Tens of thousands of Iraq's Yazidi minority have fled their homes after militants from the extremist Islamic State of Iraq and Syria captured their towns, a spokesman for the community said, according to the Associated Press.
Almost 40,000 Yazidis have left their homes in the towns of Sinjar and Zumar north of Iraq to seek refuge in the neighboring semi-autonomus Kurdish region, Jawhar Ali Begg, the spokesman, said.
He says the militants gave the Yazidis an ultimatum to convert to Islam on Sunday, pay a tax or flee their homes or they will be killed, Al Arabiya reported.
Begg also told The Associated Press that "thousands of Yezidi people have been killed" in the onslaught by the Islamic State group.
The Islamic State has seized a large area straddling the Iraqi-Syrian border and declared their own, self-styled caliphate.
Earlier on Sunday, ISIS fighters took over Iraq's biggest dam unopposed by Kurdish fighters, witnesses said, according to Reuters news agency.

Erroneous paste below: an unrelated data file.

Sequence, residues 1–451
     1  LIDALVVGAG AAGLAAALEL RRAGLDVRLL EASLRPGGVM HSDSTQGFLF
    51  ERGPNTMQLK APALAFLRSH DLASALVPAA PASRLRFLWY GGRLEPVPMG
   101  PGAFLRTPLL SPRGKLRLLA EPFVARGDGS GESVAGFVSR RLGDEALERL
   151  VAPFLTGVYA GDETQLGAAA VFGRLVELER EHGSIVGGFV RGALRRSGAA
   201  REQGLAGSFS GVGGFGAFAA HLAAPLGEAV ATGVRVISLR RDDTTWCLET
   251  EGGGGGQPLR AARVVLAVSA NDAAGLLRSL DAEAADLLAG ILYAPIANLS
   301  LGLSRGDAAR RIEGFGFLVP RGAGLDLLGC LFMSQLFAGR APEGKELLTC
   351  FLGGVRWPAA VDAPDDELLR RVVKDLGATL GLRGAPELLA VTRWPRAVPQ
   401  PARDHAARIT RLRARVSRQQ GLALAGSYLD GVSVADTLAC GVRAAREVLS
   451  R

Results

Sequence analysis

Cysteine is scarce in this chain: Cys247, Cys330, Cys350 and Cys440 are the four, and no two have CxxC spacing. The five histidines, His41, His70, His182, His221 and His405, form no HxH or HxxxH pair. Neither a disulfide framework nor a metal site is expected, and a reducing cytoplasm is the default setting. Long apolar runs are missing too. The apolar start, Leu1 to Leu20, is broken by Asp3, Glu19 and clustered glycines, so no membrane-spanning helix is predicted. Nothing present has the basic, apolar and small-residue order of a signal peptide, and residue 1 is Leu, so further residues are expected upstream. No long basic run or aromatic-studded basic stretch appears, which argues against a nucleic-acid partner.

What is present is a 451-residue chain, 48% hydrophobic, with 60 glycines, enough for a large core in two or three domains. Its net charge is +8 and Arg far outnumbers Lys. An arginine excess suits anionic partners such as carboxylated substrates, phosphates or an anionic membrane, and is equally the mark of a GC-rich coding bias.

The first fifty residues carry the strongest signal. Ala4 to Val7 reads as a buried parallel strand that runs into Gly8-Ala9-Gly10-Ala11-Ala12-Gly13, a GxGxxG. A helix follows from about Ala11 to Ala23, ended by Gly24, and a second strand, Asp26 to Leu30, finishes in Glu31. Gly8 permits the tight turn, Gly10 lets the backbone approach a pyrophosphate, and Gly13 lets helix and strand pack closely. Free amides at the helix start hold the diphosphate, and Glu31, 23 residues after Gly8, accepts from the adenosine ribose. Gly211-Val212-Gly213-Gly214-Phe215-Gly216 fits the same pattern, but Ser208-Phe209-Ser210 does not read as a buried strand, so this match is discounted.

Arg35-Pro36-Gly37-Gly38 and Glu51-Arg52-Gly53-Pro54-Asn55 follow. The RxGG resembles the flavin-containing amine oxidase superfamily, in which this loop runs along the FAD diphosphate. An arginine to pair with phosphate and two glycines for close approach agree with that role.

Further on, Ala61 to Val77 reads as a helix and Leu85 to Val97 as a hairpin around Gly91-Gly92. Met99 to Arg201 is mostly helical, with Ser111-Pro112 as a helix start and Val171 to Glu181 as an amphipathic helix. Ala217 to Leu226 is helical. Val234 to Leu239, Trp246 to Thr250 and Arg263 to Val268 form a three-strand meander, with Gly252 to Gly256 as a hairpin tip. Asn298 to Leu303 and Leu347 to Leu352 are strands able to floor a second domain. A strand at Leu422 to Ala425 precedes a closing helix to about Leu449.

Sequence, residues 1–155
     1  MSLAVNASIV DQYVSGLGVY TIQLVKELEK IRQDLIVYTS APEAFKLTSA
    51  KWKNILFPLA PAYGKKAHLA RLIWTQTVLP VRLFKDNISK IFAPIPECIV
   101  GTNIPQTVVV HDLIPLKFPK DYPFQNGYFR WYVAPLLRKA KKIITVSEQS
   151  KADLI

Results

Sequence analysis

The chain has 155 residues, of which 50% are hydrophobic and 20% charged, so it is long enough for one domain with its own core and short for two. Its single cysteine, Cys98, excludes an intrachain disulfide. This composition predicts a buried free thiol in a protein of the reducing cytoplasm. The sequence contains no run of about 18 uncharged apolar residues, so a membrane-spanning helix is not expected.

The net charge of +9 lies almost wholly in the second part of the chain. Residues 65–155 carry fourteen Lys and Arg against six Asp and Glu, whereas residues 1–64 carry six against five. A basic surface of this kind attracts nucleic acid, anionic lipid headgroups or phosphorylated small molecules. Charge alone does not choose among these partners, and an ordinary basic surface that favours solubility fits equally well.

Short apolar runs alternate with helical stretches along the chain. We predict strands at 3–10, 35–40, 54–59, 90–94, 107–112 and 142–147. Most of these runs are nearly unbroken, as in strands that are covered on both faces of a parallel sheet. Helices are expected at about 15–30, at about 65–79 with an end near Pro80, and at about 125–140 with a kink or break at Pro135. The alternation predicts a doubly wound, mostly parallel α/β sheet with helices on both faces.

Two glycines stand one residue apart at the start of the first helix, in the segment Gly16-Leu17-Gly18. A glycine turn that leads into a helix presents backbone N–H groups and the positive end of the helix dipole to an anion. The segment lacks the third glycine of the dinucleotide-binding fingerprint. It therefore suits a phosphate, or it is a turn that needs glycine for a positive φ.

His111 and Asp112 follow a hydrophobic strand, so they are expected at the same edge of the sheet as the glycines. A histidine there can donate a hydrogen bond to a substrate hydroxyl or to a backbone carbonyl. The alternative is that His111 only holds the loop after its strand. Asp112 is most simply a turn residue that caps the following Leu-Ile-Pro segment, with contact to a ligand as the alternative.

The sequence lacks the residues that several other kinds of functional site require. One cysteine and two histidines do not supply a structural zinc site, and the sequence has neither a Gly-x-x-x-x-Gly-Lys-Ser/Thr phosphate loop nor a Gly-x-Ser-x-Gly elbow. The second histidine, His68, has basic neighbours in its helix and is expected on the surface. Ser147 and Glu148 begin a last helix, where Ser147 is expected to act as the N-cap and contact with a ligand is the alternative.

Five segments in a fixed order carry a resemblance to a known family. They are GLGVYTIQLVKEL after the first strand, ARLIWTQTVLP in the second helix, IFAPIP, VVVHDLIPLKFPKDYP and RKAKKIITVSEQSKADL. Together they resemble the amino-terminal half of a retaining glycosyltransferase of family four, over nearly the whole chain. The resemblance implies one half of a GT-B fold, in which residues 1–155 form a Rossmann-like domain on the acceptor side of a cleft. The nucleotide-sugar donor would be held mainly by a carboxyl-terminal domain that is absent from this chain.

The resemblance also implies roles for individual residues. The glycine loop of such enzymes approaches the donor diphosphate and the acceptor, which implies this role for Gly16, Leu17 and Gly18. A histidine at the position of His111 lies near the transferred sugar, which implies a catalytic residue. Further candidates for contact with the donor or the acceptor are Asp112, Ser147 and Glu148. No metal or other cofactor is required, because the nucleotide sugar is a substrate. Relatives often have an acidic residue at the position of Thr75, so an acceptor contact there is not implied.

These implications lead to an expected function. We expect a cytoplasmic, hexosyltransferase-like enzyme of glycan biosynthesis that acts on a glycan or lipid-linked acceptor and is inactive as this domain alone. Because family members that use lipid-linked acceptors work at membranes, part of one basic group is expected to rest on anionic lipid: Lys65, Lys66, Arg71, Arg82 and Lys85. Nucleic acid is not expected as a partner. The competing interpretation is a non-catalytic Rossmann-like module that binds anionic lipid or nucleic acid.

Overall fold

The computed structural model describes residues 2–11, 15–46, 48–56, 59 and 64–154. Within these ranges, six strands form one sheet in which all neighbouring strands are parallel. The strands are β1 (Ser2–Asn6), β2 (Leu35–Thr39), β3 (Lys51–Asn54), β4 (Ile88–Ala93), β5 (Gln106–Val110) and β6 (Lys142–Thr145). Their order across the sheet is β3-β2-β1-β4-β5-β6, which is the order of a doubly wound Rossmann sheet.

Control of the dam could give ISIS, which has threatened to march on Baghdad, the ability to flood major cities.
ISIS fighters, who had already been running large swathes of neighboring Syria, launched a blistering offensive on June 9 that saw the capture of Mosul, Iraq's second-largest city, and move into much of the country's Sunni heartland.
Earlier in July, Christians fled Mosul en-masse after the al-Qaeda-inspired extremist group issued an ultimatum similar to the one issued for the Yezidi community in northern Iraq.